Justice McNeeley

The first poker run raised money to buy Justice McNeeley a motorized wheelchair when he was in kindergarten. Now, he’s the guest of honor in the charity event that bears his name, which every year helps more families who need help coping with a child’s illness or disability.

Justice McNeeley was the center of attention Saturday during an almost day-long ATV/UTV poker run, held in his name to raise money to pay medical expenses of needy Rim Country children.

The inaugural charity poker run was held in 2004 to raise the money needed to purchase an innovative wheelchair, called a Go-Bot, for Justice, then a Pine school kindergartner, who suffered from spinal muscular atrophy, a form of muscular dystrophy.

The money earned at the inaugural benefit paid for the power standup wheelchair designed to improve his mobility.

The success of that first fundraiser prompted organizers to set up the Justice McNeeley Foundation to raise more money for other needy children. Every year since, organizers have staged benefit poker runs annually in Pine including the 2018 event with a start/finish line at the Mi Familia restaurant on Beeline Highway.

Justice, now 19, made his traditional guest appearance greeting riders and mingling with old friends, some of whom attended the first-ever poker run. The post-race celebration included live music, horseshoes, raffles, auctions, cornhole and Texas hold ’em.

It turned into a feel-good afternoon that can only be enjoyed in small-town America.

Most importantly, all funds earned will help offset medical expenses of children whose parents and grandparents cannot afford to do so.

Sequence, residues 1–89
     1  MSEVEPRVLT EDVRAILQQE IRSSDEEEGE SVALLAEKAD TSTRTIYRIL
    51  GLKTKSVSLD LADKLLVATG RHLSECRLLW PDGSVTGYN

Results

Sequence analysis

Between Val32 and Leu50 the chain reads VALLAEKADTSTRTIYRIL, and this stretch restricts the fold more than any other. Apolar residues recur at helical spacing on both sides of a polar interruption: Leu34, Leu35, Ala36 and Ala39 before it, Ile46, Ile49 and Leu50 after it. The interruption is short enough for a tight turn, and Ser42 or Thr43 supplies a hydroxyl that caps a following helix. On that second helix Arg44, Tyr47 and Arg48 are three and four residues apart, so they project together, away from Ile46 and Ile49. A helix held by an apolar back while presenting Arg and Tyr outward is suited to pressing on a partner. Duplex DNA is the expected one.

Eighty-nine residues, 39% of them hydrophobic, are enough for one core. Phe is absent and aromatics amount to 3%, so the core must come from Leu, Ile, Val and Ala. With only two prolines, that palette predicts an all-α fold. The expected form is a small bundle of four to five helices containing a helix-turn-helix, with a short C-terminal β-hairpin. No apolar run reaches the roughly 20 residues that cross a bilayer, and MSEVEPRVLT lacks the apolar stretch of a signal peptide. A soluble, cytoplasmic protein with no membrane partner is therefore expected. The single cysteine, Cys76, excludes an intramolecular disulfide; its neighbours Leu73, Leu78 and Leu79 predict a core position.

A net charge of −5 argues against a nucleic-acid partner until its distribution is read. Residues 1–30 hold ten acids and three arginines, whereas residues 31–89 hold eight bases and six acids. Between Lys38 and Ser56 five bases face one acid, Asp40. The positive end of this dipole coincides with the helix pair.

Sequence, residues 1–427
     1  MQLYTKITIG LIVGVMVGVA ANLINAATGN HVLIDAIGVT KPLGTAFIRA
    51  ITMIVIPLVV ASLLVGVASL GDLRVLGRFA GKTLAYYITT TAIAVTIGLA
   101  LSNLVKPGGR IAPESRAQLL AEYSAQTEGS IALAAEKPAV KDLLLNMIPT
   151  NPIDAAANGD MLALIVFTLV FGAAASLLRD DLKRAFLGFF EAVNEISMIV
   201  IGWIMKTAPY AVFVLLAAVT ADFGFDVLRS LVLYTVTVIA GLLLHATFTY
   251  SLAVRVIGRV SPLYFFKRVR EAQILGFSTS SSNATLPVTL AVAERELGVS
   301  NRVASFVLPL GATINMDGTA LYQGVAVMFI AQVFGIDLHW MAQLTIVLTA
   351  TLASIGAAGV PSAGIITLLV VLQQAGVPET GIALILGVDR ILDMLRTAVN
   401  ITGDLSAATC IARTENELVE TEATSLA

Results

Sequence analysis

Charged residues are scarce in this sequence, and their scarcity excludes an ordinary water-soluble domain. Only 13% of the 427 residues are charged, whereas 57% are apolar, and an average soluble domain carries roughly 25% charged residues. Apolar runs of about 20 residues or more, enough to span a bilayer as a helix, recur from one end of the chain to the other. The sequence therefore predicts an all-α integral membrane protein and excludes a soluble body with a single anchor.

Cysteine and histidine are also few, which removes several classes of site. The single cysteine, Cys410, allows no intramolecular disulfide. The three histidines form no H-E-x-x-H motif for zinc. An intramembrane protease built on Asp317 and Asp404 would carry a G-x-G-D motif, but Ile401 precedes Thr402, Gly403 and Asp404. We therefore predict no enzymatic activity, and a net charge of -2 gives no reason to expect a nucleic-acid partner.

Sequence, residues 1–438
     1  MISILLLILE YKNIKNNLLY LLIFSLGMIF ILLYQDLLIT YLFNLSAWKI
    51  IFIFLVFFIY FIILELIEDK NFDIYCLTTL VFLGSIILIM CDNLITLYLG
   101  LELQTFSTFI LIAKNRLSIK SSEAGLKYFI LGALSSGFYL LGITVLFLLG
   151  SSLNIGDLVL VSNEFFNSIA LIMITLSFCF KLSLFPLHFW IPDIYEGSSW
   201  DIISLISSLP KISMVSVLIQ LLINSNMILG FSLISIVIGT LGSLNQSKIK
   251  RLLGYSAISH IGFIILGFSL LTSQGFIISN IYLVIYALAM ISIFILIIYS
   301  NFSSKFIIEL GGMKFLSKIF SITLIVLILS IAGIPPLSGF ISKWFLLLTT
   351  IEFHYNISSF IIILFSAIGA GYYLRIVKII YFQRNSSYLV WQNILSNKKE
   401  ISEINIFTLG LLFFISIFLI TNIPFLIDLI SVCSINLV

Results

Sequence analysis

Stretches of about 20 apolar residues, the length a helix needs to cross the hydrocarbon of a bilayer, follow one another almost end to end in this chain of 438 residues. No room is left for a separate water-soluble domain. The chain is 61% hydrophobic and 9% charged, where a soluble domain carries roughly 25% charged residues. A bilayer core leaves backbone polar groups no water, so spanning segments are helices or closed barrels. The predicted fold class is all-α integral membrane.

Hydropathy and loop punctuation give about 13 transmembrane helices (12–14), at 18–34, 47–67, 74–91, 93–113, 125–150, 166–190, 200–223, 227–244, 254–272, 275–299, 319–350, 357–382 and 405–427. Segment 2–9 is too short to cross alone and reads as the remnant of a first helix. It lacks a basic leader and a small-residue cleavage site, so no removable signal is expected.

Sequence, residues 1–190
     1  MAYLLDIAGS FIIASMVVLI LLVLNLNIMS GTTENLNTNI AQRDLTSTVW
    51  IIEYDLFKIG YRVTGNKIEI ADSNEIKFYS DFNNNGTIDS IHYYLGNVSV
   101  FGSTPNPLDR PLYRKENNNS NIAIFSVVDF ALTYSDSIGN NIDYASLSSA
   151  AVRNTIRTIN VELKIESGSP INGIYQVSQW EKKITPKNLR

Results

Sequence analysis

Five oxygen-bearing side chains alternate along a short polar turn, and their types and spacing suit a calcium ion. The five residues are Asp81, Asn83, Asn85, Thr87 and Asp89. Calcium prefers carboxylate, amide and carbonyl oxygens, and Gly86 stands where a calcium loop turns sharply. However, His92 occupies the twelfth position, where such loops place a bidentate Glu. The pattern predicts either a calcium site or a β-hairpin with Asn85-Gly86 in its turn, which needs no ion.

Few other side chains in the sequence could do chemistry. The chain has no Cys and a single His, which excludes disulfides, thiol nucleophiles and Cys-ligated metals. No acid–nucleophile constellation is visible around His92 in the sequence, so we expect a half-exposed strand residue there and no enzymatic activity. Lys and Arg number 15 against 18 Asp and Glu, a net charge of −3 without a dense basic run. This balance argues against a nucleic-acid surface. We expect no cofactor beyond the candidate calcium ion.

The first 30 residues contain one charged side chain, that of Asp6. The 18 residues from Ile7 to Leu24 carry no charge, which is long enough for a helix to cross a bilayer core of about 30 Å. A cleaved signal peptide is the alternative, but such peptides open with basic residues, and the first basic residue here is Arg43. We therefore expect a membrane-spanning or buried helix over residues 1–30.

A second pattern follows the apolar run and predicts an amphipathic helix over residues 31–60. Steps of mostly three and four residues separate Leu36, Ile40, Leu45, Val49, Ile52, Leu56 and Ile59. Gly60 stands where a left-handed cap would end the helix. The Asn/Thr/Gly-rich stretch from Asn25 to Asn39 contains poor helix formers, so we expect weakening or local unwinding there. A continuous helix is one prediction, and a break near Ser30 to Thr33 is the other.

Recent foundation donations include $3,600 to purchase a trainer to help a disabled boy learn to walk; $5,500 to pay a surgery bill; $5,400 for dental braces; $2,400 to pay a child’s doctor bill; and more than $2,400 for specialized hearing aids.

Some mistakenly believe because the foundation is based in Pine, only families in that area receive assistance.

In truth, the foundation supports families from around Rim Country, including purchasing a specialized wheelchair to help a 2-year-old Payson boy learn to walk.

“We have helped kids with medical, dental and eye issues including surgery, back braces, prosthetics, extractions, braces, glasses and exams,” said McNeeley Foundation treasurer Patricia Lunsford.

While profits from Saturday’s benefit have not been finalized, foundation board member Cathy Smith estimates about $11,000 was earned prompting her to issue a heartfelt thank you.

“We can’t thank all of the people that participated enough; without all of you folks we wouldn’t be able to continue our work.”

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